Pietro d'Abano

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Pietro d'Abano

Pietro d'Abano:

see Abano, Pietro d'Abano, Pietro d'
, 1250?–1316?, Italian physician and philosopher, a professor of medicine in Padua. His famous work Conciliator differentiarum was an attempt to reconcile Arab medicine and Greek speculative natural philosophy and was considered authoritative as
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References in periodicals archive ?
While Cadden has concentrated mainly on Pietro d'Abano's commentary, as his was the first Latin commentary on the Problemata, she takes other versions into account when they digress or have reader and/or scribal annotations that shed more light on the topic.
While, as Cadden says, to 'offer a fixed text of Pietro d'Abano's Problemata commentary is to contravene the very premise' of her book, she has included 'a transcription of BNF lat.
Chapter 8, "Music and Scientific Discovery," is a most elegant presentation of music-acoustical problems ranging from Pietro d'Abano's medieval commentaries on Aristotelian Problems, through Franchino Gaffurio's struggles with his set of ancients, Lodovico Fogliano (1529) and G.
Weill-Parot pursues these problems in al-Kindi, Guillaume d'Auvergne, Albertus Magnus, Thomas Aquinas, Roger Bacon, and then more briefly in Matteo d'Aquasparta, John Peckham, Pierre d'Auvergne, Michael Scot, Cecco d'Ascoli, John of Eschenden, Leopoldus of Austria, Taddeo da Parma, John of Saxe, Andreas de Sommaria, Nicole Oresme, Heinrich von Langenstein, Arnaud de Villeneuve, Pietro d'Abano, Guy de Chauliac, and various other fourteenth-century physicians.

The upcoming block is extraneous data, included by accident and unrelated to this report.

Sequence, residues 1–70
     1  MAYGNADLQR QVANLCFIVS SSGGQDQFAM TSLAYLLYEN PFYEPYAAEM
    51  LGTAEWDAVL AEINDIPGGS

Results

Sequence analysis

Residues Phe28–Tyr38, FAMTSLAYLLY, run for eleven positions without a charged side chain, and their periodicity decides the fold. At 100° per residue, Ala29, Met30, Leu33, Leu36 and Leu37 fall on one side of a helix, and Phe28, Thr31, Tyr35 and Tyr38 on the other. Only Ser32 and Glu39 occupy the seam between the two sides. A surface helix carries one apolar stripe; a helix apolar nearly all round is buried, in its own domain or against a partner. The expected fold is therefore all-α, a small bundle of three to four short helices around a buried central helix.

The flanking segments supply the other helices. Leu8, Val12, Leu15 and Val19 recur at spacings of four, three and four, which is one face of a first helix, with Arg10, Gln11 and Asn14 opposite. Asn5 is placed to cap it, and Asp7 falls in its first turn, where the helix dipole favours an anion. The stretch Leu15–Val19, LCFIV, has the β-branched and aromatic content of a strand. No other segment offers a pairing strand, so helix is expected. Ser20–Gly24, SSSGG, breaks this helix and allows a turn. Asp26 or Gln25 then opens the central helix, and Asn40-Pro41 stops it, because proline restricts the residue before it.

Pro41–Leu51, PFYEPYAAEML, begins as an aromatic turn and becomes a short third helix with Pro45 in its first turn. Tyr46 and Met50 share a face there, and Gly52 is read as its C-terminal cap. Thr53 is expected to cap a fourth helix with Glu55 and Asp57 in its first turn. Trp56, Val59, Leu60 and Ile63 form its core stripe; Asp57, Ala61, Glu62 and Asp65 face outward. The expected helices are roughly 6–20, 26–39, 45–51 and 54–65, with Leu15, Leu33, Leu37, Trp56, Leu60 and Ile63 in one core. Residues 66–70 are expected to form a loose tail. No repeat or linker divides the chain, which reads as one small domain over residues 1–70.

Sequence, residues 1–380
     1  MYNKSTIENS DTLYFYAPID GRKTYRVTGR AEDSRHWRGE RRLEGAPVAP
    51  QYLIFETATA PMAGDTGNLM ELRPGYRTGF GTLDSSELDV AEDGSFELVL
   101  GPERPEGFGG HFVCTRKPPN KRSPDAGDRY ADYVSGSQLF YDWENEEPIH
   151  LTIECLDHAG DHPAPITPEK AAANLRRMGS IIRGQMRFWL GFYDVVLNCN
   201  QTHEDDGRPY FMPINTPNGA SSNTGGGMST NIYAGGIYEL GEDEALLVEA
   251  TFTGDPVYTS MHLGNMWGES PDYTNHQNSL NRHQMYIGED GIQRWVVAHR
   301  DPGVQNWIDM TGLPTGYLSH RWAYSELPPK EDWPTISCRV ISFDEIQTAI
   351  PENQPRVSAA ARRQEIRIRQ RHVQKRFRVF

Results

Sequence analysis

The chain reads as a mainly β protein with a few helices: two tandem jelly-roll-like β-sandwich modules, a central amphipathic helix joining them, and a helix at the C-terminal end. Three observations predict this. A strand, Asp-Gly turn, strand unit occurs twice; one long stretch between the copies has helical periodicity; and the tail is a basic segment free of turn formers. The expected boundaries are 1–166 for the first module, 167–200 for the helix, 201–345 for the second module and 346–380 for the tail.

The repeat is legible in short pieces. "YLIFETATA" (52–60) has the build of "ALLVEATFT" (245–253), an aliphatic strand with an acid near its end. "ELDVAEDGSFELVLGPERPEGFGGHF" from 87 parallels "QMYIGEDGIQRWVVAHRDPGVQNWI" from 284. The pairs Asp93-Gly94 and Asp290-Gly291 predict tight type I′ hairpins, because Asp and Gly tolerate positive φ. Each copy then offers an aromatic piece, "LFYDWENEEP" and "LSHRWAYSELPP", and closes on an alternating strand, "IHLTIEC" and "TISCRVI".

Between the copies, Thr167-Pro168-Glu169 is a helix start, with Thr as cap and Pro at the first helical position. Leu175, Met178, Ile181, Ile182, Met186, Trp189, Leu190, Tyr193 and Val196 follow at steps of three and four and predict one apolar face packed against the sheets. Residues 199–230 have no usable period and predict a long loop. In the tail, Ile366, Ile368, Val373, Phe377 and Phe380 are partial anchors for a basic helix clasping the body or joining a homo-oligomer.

But, since the elements of this program are to be found in the classical medical tradition itself, the same elements make appearances in the contemporary Scholastic treatises, the texts of Petrarch's enemies; the negative definition of positive capacity is certainly embedded in an archetypical text, Pietro d'Abano's Conciliator of the Differences of the Philosophers and Doctors, completed in the early 14th century.
Both Petrarch and Pietro d'Abano assemble materials which will be reassembled in the 16th century Humanist texts Nancy Siraisi considers, Agrippa von Nettesheim's De incertitudine, Gianfrancesco Pico della Mirandola's Examen vanitatis doctrinae gentium, and Juan Luis Vives' De causis corruptarum artium; all these texts describe the conceptual space of uncertainty in medicine as in other disciplines.(31) But the affinity with Petrarch and d'Abano is a productive affinity, and suggests a productive, not nihilistic skepticism; this strand of skeptical approach functions as a stage, or level, an incomplete strategy recognising inconclusiveness.
And they share as well, as we have seen in Pietro d'Abano, the old Sophistic, indeed Gorgian, then Pyrrhonian, insight into "our susceptibility to linguistic corruscation." Again, it is the modesty, impurity of the domain which is useful; it furnishes not a guarantee, but an opportunity for discovery.
[13] For the most part, however, the attitude to history of Pietro d'Abano was probably fairly typical of fourteenth-century sch olastic medicine.
[17] The local climate of production of and interest in history obviously failed to impress Pietro d'Abano, but perhaps it encouraged the mid-fourteenth-century medical professor Jacopo Dondi, author of both a massive compilation of remedies and a brief Paduan chronicle (in which he patriotically claimed that Paduans had founded Venice, to the ob fuscation of subsequent writers).